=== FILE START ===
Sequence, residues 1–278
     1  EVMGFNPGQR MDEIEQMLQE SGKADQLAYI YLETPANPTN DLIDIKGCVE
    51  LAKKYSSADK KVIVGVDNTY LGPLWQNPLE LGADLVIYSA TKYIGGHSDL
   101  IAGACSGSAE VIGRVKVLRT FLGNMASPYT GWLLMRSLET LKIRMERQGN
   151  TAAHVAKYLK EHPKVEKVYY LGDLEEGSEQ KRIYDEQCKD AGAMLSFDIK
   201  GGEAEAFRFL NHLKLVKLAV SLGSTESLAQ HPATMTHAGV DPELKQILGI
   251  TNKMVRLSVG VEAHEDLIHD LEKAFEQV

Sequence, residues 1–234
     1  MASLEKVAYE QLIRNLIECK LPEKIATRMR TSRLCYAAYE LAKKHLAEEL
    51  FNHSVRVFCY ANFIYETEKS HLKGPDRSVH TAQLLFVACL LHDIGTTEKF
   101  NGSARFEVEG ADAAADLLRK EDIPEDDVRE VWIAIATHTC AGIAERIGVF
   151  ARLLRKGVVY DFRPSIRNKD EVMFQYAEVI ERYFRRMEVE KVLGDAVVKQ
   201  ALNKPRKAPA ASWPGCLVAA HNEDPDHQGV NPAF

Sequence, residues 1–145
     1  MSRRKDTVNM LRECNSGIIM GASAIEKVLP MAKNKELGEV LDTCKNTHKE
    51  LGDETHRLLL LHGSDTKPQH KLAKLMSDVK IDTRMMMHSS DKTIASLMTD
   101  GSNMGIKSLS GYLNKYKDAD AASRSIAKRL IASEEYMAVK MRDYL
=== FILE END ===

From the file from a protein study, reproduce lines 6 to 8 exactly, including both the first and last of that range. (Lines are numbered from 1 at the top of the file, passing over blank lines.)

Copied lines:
   201  GGEAEAFRFL NHLKLVKLAV SLGSTESLAQ HPATMTHAGV DPELKQILGI
   251  TNKMVRLSVG VEAHEDLIHD LEKAFEQV

Sequence, residues 1–234